What's new with KDE 4.3?


Things have also changed for applications: KMail allows users to add images to HTML messages. KAlarm lets you export alarms to a calendar file, as well as set alarms for tasks pulled from KOrganizer. The Okular document viewer now reads the widespread Mobipocket eBook format developed by French Amazon.com subsidiary Mobipocket. The Marble virtual atlas now displays the moon and a couple of other planets, such as Venus or Mars, and integrates the Wikipedia and Flickr online services (Figure 5). The convenient Okteta hex editor now has a filesystem browser, an overview of the loaded document, and a bookmark management feature. The Ark archiver supports InfoZip archives and offers improved handling of GZIP and BZIP2 files. More intelligible error messages improve user friendliness. KGpg now imports keys from a key server, and not just from local files.

Figure 5: Marble integrates online services like Wikipedia and Flickr.

Game developers have also been busy. KDE 4.3 again includes the KTron game. Many games now use an Egyptian-looking default theme (Figure 6). KGoldRunner, a MineRunner clone, records and replays games. KPatience optionally stores the game status when you quit, allowing players to carry on with a game after a break. KMahjongg includes 70 new levels provided by KDE users.

Figure 6: Egyptian mummies chase down the elusive Kapman.


The reworked DrKonqi crash dialog makes it much easier to create error reports. The program relies on the GDB debugger to trace a crash and gives the user help if the required debug packages are missing. DrKonqi guides the user through the error report creation process step by step, lists possible duplicates, and sends the report to KDE project's Bugzilla. This allows users with little background knowledge to create error reports that are valuable to developers.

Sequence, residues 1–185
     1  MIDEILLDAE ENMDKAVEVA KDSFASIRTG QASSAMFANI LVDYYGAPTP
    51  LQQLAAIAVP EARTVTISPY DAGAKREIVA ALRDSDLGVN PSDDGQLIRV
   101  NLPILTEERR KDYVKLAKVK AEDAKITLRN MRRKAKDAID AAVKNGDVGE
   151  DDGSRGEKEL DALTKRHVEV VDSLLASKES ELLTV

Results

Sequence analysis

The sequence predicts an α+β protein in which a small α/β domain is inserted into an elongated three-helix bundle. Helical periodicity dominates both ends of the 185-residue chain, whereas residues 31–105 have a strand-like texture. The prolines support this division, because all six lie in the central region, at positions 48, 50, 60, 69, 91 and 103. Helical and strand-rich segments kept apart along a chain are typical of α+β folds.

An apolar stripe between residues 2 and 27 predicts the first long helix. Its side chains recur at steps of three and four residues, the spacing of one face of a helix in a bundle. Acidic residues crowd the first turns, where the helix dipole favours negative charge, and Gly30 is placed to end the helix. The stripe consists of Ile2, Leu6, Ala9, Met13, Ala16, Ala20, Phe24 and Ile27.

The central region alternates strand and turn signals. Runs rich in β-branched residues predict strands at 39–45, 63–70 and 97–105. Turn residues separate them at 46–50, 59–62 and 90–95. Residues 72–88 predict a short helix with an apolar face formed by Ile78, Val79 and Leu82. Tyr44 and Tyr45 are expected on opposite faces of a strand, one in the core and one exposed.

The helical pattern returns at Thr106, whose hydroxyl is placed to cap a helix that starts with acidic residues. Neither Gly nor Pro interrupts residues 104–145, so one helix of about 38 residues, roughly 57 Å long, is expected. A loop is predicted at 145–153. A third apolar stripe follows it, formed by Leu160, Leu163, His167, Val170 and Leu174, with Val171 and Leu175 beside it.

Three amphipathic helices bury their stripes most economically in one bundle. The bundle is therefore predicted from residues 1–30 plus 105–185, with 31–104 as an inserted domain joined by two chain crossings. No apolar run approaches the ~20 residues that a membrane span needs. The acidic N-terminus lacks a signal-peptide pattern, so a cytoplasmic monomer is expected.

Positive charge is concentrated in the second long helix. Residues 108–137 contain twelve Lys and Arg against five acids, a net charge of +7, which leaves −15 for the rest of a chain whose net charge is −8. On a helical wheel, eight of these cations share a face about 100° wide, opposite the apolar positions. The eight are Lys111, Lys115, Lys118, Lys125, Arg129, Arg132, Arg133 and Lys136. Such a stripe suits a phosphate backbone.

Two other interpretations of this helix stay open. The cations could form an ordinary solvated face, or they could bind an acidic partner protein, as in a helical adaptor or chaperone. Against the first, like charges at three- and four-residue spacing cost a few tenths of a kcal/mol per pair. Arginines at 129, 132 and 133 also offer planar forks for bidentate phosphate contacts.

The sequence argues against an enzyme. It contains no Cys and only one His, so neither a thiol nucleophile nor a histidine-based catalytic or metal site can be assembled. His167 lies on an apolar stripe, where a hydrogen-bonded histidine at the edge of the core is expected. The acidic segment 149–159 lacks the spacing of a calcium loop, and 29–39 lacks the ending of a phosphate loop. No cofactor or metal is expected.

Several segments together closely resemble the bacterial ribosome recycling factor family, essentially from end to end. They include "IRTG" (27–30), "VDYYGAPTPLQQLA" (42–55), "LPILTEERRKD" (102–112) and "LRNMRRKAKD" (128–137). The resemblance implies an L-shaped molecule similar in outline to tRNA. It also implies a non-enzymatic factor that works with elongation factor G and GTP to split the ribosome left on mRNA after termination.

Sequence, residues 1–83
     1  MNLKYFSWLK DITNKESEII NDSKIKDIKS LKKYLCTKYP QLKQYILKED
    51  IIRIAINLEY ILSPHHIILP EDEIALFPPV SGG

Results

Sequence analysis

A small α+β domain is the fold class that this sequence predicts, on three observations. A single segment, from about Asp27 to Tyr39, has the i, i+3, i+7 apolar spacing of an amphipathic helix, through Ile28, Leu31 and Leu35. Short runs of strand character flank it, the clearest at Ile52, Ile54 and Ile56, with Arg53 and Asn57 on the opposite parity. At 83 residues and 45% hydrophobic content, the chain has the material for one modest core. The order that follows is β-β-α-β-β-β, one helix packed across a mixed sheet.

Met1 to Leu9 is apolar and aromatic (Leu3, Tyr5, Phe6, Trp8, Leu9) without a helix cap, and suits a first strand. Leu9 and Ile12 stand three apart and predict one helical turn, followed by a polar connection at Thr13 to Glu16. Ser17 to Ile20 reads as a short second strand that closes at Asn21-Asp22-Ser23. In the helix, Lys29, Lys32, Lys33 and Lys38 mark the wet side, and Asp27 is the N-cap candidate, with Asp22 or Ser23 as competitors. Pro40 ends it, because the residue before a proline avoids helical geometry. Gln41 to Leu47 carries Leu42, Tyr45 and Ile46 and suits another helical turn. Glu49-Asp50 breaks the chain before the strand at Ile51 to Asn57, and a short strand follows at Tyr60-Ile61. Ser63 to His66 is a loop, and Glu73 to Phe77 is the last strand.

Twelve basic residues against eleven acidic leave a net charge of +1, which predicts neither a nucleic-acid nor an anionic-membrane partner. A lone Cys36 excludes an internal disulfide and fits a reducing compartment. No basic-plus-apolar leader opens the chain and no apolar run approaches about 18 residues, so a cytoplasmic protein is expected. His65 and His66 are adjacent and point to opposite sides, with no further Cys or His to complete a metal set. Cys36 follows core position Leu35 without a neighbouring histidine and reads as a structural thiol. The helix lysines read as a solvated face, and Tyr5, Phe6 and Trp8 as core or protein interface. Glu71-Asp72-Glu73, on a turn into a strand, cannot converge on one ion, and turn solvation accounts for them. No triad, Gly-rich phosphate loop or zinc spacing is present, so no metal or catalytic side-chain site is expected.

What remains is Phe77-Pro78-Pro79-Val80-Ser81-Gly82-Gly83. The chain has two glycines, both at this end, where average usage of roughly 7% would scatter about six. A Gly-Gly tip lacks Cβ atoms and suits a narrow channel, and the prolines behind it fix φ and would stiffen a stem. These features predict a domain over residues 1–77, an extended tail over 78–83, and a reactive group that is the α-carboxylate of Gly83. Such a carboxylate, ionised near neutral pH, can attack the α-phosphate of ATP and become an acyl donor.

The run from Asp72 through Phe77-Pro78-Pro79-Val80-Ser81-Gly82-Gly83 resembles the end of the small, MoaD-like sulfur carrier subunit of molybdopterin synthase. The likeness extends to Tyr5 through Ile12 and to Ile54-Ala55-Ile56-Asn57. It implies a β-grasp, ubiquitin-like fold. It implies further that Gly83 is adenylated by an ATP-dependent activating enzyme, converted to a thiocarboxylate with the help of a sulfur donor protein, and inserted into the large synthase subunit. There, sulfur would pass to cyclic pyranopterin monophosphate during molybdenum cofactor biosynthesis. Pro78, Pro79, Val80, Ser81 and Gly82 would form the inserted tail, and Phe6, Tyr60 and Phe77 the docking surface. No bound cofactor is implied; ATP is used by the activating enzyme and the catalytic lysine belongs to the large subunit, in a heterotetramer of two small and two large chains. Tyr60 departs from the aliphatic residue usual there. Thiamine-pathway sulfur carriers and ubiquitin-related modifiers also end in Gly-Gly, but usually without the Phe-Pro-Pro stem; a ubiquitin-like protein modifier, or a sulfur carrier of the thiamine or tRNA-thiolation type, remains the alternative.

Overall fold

In our lab, KDE performed reliably and stably for the most part. Applications such as KMail, Dolphin, Konqueror, Akregator, Okular, Gwenview, KGet, and Marble were convincing in production use. The revamped messaging system and the Plasma activities feature also showed promise.

The Remember The Milk plasmoid had a habit of crashing the Plasma desktop. Improved protection of the desktop against potentially dysfunctional plasmoids would seem to make sense. Minor bugs in KOrganizer turned out to be fairly pesky. The upcoming bug fixes will probably help remove some of the problems with version 4.3.0.

I have to deduct a few points for the desktop search, which is still not implemented correctly and still doesn't work without some tinkering. KDE 4.3 printing is still not in the same league as KDE 3.5, and PolicyKit integration is still waiting to happen. Many applications have yet to implement the Akonadi personal information store. Thus, KDE users have good reason to look forward to the next major release.

The Author

Martin Steigerwald works as a trainer, consultant, and system administrator for team(ix) GmbH in Nuremberg, Germany. He focuses on Linux training; designing, installing, and maintaining reliable Debian Linux-based IT infrastructures; and second-level support for Linux as a business desktop for teamix(ix) customers.

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